Enalapril; Indications/Uses, Dosage, Side Effects, Drug Interaction ,Pregnancy

Enalapril; Indications/Uses, Dosage, Side Effects, Drug Interaction ,Pregnancy

Enalapril is a dicarbonyl-containing peptide and angiotensin-converting enzyme (ACE) inhibitor with antihypertensive activity. As a prodrug, enalapril is converted by de-esterification into its active form enalaprilat. Enalaprilat competitively binds to and inhibits ACE, thereby blocking the conversion of angiotensin I to angiotensin II. This prevents the potent vasoconstrictive actions of angiotensin II and results in vasodilation. Enalapril also decreases angiotensin II-induced aldosterone secretion by the adrenal cortex, which leads to an increase in sodium excretion and subsequently increases water outflow.

Enalapril is a prodrug that belongs to the angiotensin-converting enzyme (ACE) inhibitor class of medications. It is a potent, competitive inhibitor of ACE, the enzyme responsible for the conversion of angiotensin I (ATI) to angiotensin II (ATII). It is a medication used to treat high blood pressure, diabetic kidney disease, and heart failure. For heart failure, it is generally used with a diuretic such as furosemide. It is given by mouth or injection into a vein. The onset of effects is typically within an hour when taken by mouth and last for up today.

Mechanism of Action of Enalapril

Normally, angiotensin I is converted to angiotensin II by an angiotensin-converting enzyme (ACE). Angiotensin II constricts blood vessels, increasing blood pressure. Enalaprilat, the active metabolite of enalapril, inhibits ACE. Inhibition of ACE decreases levels of angiotensin II leading to less vasoconstriction and decreased blood pressure.

There are two isoforms of ACE: the somatic isoform, which exists as a glycoprotein comprised of a single polypeptide chain of 1277; and the testicular isoform, which has a lower molecular mass and is thought to play a role in sperm maturation and binding of sperm to the oviduct epithelium. Somatic ACE has two functionally active domains, N and C, which arise from tandem gene duplication. Although the two domains have high sequence similarity, they play distinct physiological roles. The C-domain is predominantly involved in blood pressure regulation while the N-domain plays a role in hematopoietic stem cell differentiation and proliferation. ACE inhibitors bind to and inhibit the activity of both domains, but have the much greater affinity for an inhibitory activity against the C-domain. Enalaprilat, the principal active metabolite of enalapril, competes with ATI for binding to ACE and inhibits and enzymatic proteolysis of ATI to ATII. Decreasing ATII levels in the body decreases blood pressure by inhibiting the pressor effects of ATII as described in the Pharmacology section above. Enalapril also causes an increase in plasma renin activity likely due to a loss of feedback inhibition mediated by ATII on the release of renin and/or stimulation of reflex mechanisms via baroreceptors. Enalaprilat’s affinity for ACE is approximately 200,000 times greater than that of ATI and 300-1000 times greater than that enalapril.

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Indications of Enalapril

Contra-Indications of Enalapril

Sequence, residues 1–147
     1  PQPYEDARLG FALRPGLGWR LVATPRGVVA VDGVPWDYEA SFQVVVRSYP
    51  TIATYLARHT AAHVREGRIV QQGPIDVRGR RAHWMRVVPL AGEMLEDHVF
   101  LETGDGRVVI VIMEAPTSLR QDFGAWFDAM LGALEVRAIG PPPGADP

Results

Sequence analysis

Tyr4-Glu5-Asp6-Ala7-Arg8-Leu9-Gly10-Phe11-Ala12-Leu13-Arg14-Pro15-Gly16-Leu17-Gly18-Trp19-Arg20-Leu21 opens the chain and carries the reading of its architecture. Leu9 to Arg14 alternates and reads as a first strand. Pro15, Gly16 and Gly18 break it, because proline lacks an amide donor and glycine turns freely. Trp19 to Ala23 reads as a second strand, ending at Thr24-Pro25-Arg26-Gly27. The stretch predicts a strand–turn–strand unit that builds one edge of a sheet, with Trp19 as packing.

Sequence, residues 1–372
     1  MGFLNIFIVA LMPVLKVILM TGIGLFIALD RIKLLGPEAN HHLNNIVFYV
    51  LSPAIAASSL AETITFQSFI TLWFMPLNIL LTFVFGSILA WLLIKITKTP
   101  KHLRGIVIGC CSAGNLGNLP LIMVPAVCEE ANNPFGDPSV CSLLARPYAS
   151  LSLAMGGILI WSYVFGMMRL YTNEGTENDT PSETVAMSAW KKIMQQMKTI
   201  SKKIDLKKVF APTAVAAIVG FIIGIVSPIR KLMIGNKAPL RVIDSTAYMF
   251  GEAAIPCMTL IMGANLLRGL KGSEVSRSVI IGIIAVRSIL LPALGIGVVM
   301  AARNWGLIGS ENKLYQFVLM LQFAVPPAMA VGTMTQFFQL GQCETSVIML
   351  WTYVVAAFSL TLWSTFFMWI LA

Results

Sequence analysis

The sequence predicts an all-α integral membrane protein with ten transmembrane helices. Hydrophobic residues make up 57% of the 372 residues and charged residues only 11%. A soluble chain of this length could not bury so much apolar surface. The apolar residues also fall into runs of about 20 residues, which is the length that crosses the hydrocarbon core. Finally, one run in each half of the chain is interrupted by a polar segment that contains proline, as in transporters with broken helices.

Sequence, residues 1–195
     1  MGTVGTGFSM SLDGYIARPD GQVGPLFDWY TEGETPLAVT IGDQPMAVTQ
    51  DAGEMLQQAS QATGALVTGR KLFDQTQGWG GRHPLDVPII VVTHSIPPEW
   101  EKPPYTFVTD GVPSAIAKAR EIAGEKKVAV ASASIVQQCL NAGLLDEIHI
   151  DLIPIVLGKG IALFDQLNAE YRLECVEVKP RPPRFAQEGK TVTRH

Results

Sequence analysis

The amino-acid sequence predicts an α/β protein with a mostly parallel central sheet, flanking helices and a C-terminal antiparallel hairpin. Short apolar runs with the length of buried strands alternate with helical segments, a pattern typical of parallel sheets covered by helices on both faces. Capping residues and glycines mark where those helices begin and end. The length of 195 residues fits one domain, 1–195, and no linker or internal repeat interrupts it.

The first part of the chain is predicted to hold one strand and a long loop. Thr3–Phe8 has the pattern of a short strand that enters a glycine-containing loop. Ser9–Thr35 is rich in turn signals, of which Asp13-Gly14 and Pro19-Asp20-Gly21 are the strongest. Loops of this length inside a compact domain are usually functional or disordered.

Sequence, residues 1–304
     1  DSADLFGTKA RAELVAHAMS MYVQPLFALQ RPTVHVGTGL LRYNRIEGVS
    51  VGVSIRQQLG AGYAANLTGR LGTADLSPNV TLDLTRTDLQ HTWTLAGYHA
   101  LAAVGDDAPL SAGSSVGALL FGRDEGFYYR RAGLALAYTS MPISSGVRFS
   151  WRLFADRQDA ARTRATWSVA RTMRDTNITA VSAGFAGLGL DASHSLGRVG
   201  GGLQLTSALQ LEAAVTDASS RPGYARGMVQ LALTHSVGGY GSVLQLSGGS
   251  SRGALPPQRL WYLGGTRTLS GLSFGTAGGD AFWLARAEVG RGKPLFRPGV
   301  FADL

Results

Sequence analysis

• Low amount of sodium in the blood
  • The high amount of potassium in the blood
  • An inherited disorder of continuing episodes of swelling
  • Reduction in the body’s resistance to infection
  • Decreased function of bone marrow
  • Decreased neutrophils a type of white blood cell
  • Narrowing of the aortic heart valve
  • Hypertrophic cardiomyopathy
  • Renal artery stenosis
  • Abnormally low blood pressure
  • Liver problems
  • Pregnancy
  • Brain blood flow problem
  • Hemodialysis with high-flux membrane

Dosage of Enalapril

Strengths: 2.5 mg; 5 mg; 10 mg; 20 mg; 1.25 mg/mL; 1 mg/mL


  • Initial dose (oral tablets or solution): 5 mg orally once a day
  • Maintenance dose (oral tablets or solution): 10 to 40 mg orally per day as a single dose or in 2 divided doses
  • Maximum dose: 40 mg orally daily as a single dose or in 2 divided doses

In combination with diuretics

  • Initial dose: 2.5 mg orally once a day
  • If feasible, the diuretic should be discontinued 2 to 3 days prior to initiation of therapy with enalapril. If required, diuretic therapy may be gradually resumed.
  • Parenteral: 1.25 to 5 mg IV over a 5 minute period every 6 hours

Congestive Heart Failure

  • Initial dose: 2.5 mg orally once a day
  • Maintenance dose: 2.5 to 20 mg daily in 2 divided doses
  • Maximum dose: 40 mg orally per day in 2 divided doses
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Pediatric Hypertension

Oral tablets or solution, Children 1 month to 17 years

  • Initial dose: 0.08 mg/kg/day (up to 5 mg) in 1 to 2 divided doses. Adjust dosage based on patient response.
  • Maximum dose: Doses greater than 0.58 mg/kg (40 mg) have not been evaluated in pediatric patients.

Side Effects of Enalapril

The most common 

More common


Drug Interactions of Enalapril

Enalapril may interact with the following drugs, supplements, & may change the efficacy of drugs

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Pregnancy Category of Enalapril

FDA Pregnancy Category D


ACE inhibitors such as enalapril may cause severe harm or death to the developing fetus if taken by the mother during pregnancy. This medication should not be used during pregnancy. If you become pregnant while taking this medication, contact your doctor immediately.


This medication passes into breast milk in small amounts. If you are a breast-feeding mother and are taking enalapril, it may affect your baby. Talk to your doctor about whether you should continue breast-feeding. The safety and effectiveness of this medication have not been established for infants and children with decreased kidney function.




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